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Orderly transitions

Nick Robinson | 09:43 UK time, Monday, 8 May 2006

The absence of trust. That's what's fuelling Labour's feuding. Gordon Brown and his supporters simply do not trust Tony Blair to arrange "a stable and orderly transition" (A-SOT) to the chancellor in the time needed to "renew" the party. Hence all the talk about the need for a public timetable.

This morning at his news conference the prime minister will seek to demolish the case for a timetable, arguing that it would be a gift to the Tories and Labour's enemies in the media. The Tories would present it as a "countdown to the end of New Labour" and some in the media as "only X days left for lame duck Blair". He will also, I suspect, try to be more conciliatory - reassuring his party that he backs Gordon to take over and sees the need for A-SOT.

It is perfectly possible that Tony Blair means what he says and will use the party conference, or his 10th anniversary in Number Ten, to announce his resignation and his backing for Gordon Brown. It's possible that his friends have to talk about staying on till 2008 to get that far.

It is equally possible that he doesn't trust Gordon Brown to continue his reforms, hopes that John Reid, or Alan Johnson, or even David Miliband may grow enough in their new roles to become plausible alternatives to Brown - who might shrink in popularity with the passage of time.

Of course if Blair and Brown were seen to be working together amicably and to the same agenda none of this would be a problem. There were ACAS-style talks between their two camps (led by Alastair Campbell and Ed Balls) at the beginning of the year. They ended when Charles Clarke was reported as talking about (he denies saying it) "a dual premiership". Ever since, the atmosphere between Blair & Brown has grown steadily worse.

If - and it's a big if - those talks can re-start and Gordon Brown looks happy, the much talked of letters calling for a timetable will probably never appear. If not, Labour MPs - whose survival, it's worth remembering, is at stake - may take matters into their own hands whatever they're told by Blair or Brown.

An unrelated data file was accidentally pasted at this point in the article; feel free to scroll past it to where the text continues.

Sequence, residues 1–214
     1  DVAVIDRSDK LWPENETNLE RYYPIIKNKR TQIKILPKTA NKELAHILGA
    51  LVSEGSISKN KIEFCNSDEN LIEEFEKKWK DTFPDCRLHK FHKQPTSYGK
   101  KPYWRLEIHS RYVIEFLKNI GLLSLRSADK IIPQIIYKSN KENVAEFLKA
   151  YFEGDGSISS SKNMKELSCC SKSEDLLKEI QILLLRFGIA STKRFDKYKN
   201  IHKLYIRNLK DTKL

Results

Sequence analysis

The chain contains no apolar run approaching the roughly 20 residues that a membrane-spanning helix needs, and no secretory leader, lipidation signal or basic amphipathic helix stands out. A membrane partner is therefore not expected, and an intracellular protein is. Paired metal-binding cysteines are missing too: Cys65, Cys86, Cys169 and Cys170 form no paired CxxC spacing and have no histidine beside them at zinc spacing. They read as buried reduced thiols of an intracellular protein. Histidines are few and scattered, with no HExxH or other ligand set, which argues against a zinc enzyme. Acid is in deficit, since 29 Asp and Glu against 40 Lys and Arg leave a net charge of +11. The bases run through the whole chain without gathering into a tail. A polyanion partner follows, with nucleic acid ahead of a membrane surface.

• 1.
  • At 10:03 AM on 08 May 2006,
  • Andy wrote:

Nick - When you get the honour of the first question today, how about completely confusing everyone in the room by asking something about policy instead of about the transition. The PM will be so expecting the "transition" question that you might trick him into an answer for once!

  • 2.
  • At 10:20 AM on 08 May 2006,
  • Michele Fowler wrote:

The thought that comes to mind when reading that Tony Blair is backing Gordon Brown to succeed him is, "Would you buy a used car from this man, and if not, would you buy one from someone he recommends?" I think not.

I do not suppose one can dispute the fact that the party meets crises with "announcements" Such as the "announcement" that "all foreign nationals found guilty of an ipmrinsonable offense will be deported".

That one has quickly receded in the quagmire of inconvenient realities, but its purpose was to deflect attention away from Charles Clarke's problems.

I wonder if there will be any such "announcement" today at the PM's press conference regarding the leadership position - and if so, will it fair better as a tactical weapon?

I don't 'spose you feel like surprising Mr Blair by asking him a question about government policy rather than the internal workings of his party do you? It would get the conference off to an unexpected start.

No? Thought not!

  • 5.
  • At 10:40 AM on 08 May 2006,
  • Rex wrote:

Blair really has a problem. In my days as a manager to make a considered opinion on anything we always had to weigh up the good against the bad i.e. make a list of the for/against.
So those for Blair:-
George Bush, John Prescott, Patricia Hewett, Alistair Cambell, doctors, single parents, illegal immigrants, asylum seekers, murderers, drug dealers, rich people seeking a title.
Those against:-
Gordon Brown, Charles Clarke, Jack Straw, a lot of his backbenchers, middle earners, pensioners, nurses, health workers, teachers, most trade unionists, motorists.

It doesn't look good for him!

Go quietly Tony!

  • 6.
  • At 10:47 AM on 08 May 2006,
  • Daniel wrote:

Methinks that Tony Blair now regrets saying that he will stand down during his third term. What we are seeing is simply the arrogance of power.
Your question at the news conference should be "will he still stand down before the next election. Yes or No."

  • 7.
  • At 10:47 AM on 08 May 2006,
  • Robert Jones wrote:

There is also the 'longer than Maggie' factor! This would be sometime in November 2008. Entirely feasible and worth commenting upon.

Bob Jones

  • 8.
  • At 10:49 AM on 08 May 2006,
  • SB wrote:

Probably a bit naive of me, but couldnt Tony just state to the press that those who need to know, do know when A-SOT will take place.